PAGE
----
Ayman Sobeh, 43

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Employment

The blockade increases prices for materials farmers need, such as the plastic irrigation pipes, pesticides, fuel, nylon, fertilizers, packaging, buds, seeds. Cost for these items have increased 60 to 70 percent in price because of the blockade. Ten years ago, I could purchase strawberry seeds from Israel at NIS 4.00; today, it costs us NIS 16.00. The traders increase the prices because of the siege. In the past, a ton of potatoes cost us NIS 2000, but today we pay NIS 4000.

In 2014 my land was destroyed as was all this area. We returned after the war to find 11 dunums of land [nearly three acres] destroyed. It was complete rubble. I did not have the money to rehabilitate the land.

A Palestinian organization eventually helped us rehabilitate the land and construct a well, but it took more than one year. During that period, I had no income source.

When we finally managed to start farming again, I tried to grow tomatoes. Unfortunately, that was a failed venture mainly because I had to purchase water for irrigation from our neighbors at a very high cost. Later, I started to grow strawberries but did not make any profit because the land was not ready for this type of produce. The soil was too sandy and not fit for this type of agriculture. The Israelis destroyed the upper layer of the soil during the incursions. Previously it was fit for strawberries.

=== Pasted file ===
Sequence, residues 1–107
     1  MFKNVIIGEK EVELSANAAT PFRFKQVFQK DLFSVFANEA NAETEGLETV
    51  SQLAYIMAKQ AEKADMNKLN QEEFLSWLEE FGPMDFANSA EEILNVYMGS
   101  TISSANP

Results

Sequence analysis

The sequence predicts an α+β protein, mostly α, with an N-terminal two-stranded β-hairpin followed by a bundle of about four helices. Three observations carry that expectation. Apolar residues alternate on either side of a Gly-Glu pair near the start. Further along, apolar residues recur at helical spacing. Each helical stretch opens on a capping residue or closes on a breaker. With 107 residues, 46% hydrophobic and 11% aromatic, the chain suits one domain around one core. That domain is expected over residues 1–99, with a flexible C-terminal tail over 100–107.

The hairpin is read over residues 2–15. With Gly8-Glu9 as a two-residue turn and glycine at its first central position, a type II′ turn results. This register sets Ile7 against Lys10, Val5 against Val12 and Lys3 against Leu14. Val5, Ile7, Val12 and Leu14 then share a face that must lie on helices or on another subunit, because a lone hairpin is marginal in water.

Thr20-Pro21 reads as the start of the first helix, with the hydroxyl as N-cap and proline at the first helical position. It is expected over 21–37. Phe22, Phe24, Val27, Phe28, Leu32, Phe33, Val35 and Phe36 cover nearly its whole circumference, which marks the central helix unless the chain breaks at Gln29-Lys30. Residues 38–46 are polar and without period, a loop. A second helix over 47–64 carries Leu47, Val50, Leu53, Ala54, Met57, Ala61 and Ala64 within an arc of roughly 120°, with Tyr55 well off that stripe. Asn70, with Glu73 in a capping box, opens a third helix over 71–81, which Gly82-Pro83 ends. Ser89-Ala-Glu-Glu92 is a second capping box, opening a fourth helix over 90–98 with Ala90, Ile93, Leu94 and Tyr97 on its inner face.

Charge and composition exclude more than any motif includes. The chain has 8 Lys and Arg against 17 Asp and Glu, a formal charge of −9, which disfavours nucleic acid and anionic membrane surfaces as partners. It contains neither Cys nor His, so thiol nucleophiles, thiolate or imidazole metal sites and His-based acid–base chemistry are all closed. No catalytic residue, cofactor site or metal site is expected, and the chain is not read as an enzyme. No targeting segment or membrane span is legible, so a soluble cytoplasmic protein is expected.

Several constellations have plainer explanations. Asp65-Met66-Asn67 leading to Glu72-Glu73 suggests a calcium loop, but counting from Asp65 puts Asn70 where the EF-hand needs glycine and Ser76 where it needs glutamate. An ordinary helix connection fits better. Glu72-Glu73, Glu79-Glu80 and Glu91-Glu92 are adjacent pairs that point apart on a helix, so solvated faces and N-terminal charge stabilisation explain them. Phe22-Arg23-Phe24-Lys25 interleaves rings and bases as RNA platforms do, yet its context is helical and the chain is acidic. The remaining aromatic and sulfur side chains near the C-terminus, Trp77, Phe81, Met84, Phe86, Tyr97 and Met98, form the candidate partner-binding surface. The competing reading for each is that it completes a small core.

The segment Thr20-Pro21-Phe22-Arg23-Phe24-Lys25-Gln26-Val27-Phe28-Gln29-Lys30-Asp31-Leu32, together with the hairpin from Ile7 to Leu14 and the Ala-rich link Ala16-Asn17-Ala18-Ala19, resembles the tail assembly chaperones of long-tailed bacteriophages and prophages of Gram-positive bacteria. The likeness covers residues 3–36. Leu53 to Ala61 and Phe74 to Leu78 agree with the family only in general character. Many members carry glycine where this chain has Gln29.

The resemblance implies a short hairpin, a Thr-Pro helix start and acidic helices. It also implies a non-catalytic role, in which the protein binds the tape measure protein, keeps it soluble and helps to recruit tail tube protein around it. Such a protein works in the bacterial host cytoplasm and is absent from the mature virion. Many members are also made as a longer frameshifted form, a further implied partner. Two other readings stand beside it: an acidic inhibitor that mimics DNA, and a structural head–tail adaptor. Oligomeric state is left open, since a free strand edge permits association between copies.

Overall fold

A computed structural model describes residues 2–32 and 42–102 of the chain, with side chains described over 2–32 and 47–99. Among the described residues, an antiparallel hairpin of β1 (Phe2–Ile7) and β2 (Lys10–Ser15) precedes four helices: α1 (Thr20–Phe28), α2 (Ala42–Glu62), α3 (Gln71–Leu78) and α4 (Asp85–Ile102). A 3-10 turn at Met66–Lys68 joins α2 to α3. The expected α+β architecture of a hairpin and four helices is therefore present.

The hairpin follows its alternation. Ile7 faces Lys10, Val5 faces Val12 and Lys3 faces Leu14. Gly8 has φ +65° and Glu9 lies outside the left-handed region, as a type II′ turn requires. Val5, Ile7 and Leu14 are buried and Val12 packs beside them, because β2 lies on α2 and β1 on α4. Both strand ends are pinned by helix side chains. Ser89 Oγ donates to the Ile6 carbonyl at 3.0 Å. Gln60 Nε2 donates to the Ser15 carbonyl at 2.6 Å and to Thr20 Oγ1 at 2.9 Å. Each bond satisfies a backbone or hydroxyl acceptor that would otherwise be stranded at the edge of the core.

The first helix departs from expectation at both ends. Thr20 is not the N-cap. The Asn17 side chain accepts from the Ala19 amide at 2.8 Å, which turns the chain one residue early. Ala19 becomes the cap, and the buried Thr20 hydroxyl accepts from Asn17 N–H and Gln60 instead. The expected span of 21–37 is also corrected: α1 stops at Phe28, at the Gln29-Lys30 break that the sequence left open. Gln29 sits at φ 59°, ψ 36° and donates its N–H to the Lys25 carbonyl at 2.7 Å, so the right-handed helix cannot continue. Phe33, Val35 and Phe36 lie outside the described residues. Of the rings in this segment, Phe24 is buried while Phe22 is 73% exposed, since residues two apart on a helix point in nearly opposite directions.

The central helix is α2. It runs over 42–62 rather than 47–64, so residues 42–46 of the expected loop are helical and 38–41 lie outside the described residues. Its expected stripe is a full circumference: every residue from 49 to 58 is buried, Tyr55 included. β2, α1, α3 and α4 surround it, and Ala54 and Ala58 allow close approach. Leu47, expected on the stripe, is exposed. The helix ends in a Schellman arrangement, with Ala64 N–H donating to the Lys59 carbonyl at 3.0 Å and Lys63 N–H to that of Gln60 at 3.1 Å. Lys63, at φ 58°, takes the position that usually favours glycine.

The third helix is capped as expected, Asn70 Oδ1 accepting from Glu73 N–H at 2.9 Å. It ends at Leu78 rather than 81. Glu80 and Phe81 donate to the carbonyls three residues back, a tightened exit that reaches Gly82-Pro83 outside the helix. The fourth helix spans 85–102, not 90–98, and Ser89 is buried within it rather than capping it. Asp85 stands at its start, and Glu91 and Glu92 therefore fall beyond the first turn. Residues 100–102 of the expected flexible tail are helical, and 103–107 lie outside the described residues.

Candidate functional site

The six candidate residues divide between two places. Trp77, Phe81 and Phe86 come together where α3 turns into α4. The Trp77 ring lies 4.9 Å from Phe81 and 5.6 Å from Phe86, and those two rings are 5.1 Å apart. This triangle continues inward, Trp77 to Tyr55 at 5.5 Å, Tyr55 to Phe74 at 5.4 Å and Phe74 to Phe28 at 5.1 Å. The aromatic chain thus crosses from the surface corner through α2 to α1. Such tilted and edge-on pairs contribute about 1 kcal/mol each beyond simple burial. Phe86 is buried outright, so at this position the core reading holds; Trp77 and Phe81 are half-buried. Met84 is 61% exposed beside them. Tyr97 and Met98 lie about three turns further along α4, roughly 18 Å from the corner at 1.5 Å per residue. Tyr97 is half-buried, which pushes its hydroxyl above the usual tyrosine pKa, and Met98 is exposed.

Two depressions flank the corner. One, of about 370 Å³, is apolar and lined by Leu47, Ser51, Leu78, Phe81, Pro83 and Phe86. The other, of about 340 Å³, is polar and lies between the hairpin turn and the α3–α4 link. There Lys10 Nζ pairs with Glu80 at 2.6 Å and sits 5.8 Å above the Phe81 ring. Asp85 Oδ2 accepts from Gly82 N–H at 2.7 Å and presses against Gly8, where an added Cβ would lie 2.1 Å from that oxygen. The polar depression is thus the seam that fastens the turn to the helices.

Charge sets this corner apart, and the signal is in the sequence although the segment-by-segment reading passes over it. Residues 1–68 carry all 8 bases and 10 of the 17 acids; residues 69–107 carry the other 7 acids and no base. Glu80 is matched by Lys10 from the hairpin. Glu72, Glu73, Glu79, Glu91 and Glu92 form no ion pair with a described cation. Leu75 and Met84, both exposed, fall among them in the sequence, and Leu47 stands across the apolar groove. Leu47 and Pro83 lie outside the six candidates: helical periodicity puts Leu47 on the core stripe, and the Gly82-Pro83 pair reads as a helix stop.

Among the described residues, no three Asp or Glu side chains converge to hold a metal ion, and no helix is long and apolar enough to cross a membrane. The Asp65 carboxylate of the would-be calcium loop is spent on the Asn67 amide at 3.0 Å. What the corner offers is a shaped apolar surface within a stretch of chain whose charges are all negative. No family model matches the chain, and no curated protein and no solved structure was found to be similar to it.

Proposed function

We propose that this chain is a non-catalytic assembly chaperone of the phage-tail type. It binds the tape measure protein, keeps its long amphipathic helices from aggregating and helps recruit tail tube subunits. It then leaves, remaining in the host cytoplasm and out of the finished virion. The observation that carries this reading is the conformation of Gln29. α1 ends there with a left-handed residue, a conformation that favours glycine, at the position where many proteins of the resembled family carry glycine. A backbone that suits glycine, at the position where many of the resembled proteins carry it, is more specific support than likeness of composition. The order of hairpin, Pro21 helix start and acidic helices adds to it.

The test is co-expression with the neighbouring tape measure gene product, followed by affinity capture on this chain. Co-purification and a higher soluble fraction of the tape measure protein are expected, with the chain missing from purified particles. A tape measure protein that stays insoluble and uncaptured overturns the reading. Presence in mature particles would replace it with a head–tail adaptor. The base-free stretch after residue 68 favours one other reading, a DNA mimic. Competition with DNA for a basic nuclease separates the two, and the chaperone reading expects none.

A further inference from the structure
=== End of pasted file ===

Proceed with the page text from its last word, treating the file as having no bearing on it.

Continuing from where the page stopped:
Ayman Sobeh, Gaza Farmer
In the first half of 2016, just 175 trucks left Gaza carrying goods produced in Gaza on average each month. This is just 16 percent of the total allowed out of Gaza prior to the blockade.

This year my strawberry enterprise succeeded. I was able to reduce costs and increase production. But the land I have available has overall been reduced and exports are limited.  Still, I was very happy because I think it is important to succeed. But as a farmer, it is important to have an open market, to export and protect my produce, then I would need nobody and succeed every year.

I am a father of five young men—three are married, two hold a university degree—but none of them is employed. They help me a little with the land.

This land is my spirit, and I have no other alternative but to remain a farmer, especially because I am not educated.